But now that all our structures are in place, all these interventions, institutions have come together to ensure that we deal with vandalism, we deal with theft. Like, you will bear with that some people have been arrested in a number of these power stations they were stealing from. That could not happen before, but because of the current plan, I think we are almost there. We are dealing with the criminals; we are matching pound-for-pound and I am sure as government we will succeed. And that will change the turnaround time of Eskom.
Thank you very much.

Mr N M HADEBE: Chairperson, hon Deputy President does Eskom have the enhanced intelligence and security capacity to ward off and protect infrastructure currently, considering there’s no back up to our unitary national electricity supply? What is the effectiveness of those security measures, considering the

critical state Eskom is in currently and what is the Deputy President’s position in this regard? Thank you, Chairperson.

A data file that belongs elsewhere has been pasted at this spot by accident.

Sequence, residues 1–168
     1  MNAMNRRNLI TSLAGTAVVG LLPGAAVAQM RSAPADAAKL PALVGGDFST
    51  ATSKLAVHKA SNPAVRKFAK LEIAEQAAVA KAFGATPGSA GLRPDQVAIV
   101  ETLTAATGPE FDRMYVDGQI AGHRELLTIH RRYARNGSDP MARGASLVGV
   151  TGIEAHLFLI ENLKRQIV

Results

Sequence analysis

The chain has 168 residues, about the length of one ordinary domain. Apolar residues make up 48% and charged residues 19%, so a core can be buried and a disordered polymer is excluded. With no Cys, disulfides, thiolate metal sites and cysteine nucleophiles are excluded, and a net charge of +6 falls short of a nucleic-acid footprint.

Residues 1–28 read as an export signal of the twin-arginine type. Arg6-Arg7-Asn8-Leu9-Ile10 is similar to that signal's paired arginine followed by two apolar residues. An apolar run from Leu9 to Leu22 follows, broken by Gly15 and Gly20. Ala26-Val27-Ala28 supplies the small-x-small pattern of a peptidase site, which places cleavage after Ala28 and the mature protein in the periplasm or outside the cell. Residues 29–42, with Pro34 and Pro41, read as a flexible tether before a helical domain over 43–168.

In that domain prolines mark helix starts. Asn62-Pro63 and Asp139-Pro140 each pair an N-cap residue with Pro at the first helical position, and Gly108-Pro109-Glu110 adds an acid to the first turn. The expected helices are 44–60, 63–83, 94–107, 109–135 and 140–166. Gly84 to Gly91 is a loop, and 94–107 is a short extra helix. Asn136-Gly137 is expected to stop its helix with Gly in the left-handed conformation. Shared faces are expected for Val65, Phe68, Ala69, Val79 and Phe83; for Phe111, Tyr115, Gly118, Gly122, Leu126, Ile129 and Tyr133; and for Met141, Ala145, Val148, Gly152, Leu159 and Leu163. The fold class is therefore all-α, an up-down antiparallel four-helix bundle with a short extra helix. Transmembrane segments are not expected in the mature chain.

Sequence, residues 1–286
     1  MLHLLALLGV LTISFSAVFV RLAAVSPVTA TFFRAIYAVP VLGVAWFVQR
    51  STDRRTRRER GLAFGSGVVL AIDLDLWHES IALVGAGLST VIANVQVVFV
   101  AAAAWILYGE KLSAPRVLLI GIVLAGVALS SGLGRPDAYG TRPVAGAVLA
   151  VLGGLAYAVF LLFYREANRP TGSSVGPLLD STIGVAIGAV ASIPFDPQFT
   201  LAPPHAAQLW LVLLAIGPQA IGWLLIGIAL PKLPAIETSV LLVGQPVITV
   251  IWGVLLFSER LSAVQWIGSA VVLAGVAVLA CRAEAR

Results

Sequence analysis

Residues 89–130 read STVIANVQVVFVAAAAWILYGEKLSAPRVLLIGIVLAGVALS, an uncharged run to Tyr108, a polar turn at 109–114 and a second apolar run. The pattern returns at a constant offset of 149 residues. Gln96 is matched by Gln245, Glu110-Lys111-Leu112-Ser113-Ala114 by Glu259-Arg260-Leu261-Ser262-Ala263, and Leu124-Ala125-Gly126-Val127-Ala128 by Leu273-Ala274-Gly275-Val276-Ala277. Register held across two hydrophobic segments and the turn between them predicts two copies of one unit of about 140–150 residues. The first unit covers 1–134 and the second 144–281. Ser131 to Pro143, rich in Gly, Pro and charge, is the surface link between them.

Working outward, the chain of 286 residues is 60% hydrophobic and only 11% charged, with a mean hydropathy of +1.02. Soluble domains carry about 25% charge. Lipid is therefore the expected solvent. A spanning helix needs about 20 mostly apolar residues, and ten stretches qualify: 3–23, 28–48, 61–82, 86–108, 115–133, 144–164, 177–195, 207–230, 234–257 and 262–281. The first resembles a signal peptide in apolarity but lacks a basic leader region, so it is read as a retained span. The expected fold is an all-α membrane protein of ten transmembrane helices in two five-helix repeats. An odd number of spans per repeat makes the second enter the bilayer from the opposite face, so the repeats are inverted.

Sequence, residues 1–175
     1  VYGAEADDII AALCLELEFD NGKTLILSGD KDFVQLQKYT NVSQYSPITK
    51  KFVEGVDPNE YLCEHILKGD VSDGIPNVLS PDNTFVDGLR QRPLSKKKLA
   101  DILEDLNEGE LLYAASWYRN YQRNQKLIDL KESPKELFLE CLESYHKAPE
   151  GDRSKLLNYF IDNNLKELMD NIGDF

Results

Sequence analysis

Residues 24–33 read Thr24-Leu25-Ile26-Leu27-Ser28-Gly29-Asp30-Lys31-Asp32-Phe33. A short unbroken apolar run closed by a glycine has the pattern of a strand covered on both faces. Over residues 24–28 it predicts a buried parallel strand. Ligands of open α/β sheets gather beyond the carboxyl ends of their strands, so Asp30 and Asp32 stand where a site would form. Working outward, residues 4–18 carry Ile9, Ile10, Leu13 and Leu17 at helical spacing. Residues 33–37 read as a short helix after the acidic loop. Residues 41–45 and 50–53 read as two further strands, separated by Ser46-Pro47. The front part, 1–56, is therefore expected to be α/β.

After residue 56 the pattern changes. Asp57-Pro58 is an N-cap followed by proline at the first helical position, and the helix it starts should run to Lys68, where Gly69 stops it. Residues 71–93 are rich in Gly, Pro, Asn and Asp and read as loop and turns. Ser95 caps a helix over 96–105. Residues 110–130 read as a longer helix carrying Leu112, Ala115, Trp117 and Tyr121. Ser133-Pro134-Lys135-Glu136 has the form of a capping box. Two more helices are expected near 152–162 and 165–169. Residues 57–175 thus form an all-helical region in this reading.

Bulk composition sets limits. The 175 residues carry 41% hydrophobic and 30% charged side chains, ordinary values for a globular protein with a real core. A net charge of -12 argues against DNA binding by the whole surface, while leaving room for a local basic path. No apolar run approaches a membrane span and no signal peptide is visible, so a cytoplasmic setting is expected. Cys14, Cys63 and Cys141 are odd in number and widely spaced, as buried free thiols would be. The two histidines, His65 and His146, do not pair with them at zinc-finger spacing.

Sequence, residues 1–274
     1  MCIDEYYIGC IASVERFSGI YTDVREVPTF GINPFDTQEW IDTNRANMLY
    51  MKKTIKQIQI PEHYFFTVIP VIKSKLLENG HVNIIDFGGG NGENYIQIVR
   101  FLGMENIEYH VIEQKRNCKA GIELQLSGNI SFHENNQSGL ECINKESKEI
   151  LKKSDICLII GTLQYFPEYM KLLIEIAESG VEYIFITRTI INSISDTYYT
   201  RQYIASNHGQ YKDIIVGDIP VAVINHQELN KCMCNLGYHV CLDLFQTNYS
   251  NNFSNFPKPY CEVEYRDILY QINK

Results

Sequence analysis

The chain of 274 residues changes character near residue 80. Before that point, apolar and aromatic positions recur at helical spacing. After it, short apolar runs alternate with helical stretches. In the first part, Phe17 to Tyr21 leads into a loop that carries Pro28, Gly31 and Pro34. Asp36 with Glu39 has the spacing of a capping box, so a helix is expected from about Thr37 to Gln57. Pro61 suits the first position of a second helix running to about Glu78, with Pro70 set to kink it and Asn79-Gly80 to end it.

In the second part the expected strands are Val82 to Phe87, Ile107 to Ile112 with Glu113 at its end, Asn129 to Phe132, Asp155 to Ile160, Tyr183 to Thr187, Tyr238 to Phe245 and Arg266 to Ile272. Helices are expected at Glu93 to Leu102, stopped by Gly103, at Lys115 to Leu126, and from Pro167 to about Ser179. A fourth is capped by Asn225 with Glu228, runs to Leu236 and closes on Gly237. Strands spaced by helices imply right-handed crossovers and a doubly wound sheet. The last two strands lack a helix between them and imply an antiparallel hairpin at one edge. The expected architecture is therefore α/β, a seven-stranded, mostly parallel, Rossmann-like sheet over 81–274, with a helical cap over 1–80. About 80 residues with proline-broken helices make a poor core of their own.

The DEPUTY PRESIDENT: Thank you very much Chairperson, Eskom does not have the required capacity in terms of the intelligence structures. That is why we have sourced the crime intelligence structures of our SA Police Service. We have sourced some number of expertise. Units that are operating under the SA Police Service to work with Eskom.

Now, we quiet happy that the kind of support that we have sourced to come and help Eskom is starting to yield results. Now, like I said, we are starting to arrest people. We are starting to reverse this scourge of theft of our cables, of our water infrastructure, of our electricity infrastructure. We are reversing this scourge.